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Old 03-17-2011, 02:42 PM   #7
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I sold tens of thousands of pizzas at the El Rancho Deli in Santa Ynez, CA. over 13 years.
This is the recipe for the dough we made. People loved them. It is really different from standard recipes and as I understand it, it came from an Italian Chef in New York. I know it's weird but try it.


2 c. warm water
1/2 teaspoon dry yeast
2 teaspoons sugar
1 Tablespoon olive oil
1 teaspoon salt
1/2 Cup whole wheat flour
4 cups bread flour


Proof yeast in water with the sugar. Add oil salt and flours to make a slightly sticky dough in a stand mixer and run on medium speed 12 minutes. Let dough rest 15 minutes. Form into dough balls, brush with olive oil cover with plastic wrap store on fridge to use later that day or freeze and individually wrap for 4 weeks.
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Old 03-17-2011, 02:55 PM   #8
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Quote:
Originally Posted by Chef Tim View Post
I sold tens of thousands of pizzas at the El Rancho Deli in Santa Ynez, CA. over 13 years.
This is the recipe for the dough we made. People loved them. It is really different from standard recipes and as I understand it, it came from an Italian Chef in New York. I know it's weird but try it.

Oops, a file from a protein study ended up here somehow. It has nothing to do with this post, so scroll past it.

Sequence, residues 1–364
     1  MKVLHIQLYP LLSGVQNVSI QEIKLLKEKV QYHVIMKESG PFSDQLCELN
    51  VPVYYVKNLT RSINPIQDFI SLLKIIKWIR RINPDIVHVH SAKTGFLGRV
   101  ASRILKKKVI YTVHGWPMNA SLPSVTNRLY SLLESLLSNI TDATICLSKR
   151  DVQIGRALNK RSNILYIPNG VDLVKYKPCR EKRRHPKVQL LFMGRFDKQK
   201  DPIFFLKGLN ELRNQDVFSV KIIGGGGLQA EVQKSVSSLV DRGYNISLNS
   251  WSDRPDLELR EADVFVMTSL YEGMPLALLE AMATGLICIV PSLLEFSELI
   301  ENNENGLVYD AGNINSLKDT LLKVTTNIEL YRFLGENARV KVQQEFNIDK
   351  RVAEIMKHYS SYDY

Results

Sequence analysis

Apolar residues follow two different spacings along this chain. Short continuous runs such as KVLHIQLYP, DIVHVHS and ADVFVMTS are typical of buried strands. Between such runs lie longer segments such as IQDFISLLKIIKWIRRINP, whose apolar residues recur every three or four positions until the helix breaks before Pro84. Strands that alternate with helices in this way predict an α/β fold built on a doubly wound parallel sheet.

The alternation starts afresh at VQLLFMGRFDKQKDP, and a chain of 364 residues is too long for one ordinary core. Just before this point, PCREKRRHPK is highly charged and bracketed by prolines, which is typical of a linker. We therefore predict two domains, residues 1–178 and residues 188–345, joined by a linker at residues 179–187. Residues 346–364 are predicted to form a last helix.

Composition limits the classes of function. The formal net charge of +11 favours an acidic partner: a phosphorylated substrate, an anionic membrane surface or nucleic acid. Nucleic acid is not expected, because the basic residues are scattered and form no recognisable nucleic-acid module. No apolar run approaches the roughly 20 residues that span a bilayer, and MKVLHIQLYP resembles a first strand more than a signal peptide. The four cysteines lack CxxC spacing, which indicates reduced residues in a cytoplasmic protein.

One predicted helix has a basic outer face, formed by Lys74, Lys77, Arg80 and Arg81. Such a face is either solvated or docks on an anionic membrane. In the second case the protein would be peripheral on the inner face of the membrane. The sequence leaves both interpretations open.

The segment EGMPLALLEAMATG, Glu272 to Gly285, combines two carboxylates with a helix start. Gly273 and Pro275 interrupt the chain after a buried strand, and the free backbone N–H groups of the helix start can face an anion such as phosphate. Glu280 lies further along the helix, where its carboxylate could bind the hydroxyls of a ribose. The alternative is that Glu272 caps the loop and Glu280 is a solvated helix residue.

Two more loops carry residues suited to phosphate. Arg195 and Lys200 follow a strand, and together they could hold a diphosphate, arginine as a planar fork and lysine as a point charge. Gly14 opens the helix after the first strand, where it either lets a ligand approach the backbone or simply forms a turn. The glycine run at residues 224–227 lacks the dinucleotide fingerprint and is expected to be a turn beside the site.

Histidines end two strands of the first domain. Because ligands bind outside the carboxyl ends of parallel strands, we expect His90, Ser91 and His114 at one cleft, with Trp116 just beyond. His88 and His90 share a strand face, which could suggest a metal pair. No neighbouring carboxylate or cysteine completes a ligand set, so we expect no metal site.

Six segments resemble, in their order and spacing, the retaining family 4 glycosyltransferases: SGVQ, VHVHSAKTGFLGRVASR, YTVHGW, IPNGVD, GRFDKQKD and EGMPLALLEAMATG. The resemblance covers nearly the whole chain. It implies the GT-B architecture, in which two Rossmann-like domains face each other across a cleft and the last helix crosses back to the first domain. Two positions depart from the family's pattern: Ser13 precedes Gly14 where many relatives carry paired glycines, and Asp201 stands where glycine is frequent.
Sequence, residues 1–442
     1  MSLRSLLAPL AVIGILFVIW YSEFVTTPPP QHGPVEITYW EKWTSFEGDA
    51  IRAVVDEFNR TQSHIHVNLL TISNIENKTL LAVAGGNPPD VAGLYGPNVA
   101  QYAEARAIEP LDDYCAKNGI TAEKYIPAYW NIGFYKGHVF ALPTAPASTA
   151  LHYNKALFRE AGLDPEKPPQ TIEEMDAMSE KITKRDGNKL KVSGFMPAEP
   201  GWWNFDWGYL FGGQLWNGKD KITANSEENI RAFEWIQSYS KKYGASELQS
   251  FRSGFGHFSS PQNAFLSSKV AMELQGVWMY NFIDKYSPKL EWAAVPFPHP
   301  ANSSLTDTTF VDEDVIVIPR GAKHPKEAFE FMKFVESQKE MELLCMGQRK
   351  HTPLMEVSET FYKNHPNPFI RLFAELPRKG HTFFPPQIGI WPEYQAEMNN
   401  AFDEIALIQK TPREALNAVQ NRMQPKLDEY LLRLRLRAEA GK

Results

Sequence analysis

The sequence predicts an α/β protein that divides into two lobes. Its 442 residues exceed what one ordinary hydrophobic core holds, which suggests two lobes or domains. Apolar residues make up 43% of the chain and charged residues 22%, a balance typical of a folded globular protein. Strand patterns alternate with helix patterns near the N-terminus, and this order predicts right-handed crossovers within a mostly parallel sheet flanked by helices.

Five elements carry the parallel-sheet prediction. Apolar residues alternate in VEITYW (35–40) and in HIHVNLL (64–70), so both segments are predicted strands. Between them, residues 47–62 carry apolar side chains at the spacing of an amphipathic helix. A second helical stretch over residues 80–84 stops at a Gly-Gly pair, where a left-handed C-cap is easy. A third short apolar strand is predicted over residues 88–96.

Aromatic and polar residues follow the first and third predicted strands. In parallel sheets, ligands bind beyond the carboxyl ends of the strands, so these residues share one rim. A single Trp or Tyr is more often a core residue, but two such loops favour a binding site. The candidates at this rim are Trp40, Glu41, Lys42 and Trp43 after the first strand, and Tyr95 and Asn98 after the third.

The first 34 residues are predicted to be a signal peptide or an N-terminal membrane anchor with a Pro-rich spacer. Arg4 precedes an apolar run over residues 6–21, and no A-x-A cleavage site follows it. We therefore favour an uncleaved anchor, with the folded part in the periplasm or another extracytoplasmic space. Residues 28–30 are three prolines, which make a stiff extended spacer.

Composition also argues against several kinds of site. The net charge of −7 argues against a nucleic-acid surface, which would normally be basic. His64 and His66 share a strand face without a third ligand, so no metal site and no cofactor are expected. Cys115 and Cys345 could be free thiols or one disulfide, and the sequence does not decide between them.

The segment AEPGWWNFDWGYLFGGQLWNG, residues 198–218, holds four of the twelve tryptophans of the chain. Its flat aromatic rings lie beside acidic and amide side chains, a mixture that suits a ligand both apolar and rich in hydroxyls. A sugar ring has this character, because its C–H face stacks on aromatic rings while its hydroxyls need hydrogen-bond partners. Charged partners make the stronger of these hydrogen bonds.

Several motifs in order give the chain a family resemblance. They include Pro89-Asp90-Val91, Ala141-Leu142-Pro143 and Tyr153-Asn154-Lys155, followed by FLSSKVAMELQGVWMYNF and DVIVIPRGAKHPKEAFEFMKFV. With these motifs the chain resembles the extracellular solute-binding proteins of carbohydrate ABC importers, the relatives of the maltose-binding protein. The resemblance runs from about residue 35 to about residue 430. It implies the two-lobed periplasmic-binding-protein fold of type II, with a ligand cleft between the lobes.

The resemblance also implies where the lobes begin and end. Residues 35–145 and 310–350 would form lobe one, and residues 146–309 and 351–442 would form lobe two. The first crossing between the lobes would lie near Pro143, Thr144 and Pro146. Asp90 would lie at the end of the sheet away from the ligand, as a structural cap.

2 c. warm water
1/2 teaspoon dry yeast
2 teaspoons sugar
1 Tablespoon olive oil
1 teaspoon salt
1/2 Cup whole wheat flour
4 cups bread flour


Proof yeast in water with the sugar. Add oil salt and flours to make a slightly sticky dough in a stand mixer and run on medium speed 12 minutes. Let dough rest 15 minutes. Form into dough balls, brush with olive oil cover with plastic wrap store on fridge to use later that day or freeze and individually wrap for 4 weeks.
Thanks for the recipie and
Welcome to DC.

Josie
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Old 03-17-2011, 03:01 PM   #9
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Welcome to DC, Tim.Thanks, that sounds good.
What exactly proofing yeast means?
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Old 03-17-2011, 04:10 PM   #10
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Quote:
Originally Posted by CharlieD View Post
What exactly proofing yeast means?
When you proof the yeast you give it time to activate with a liquid and generally with some type of sugar, but not always. You want to give the yeast time to bubble and foam for a bit, 5-10 minutes seems the norm.

I guess you can think of it as giving the yeast time to proof to you it's still fresh enough to be baked with!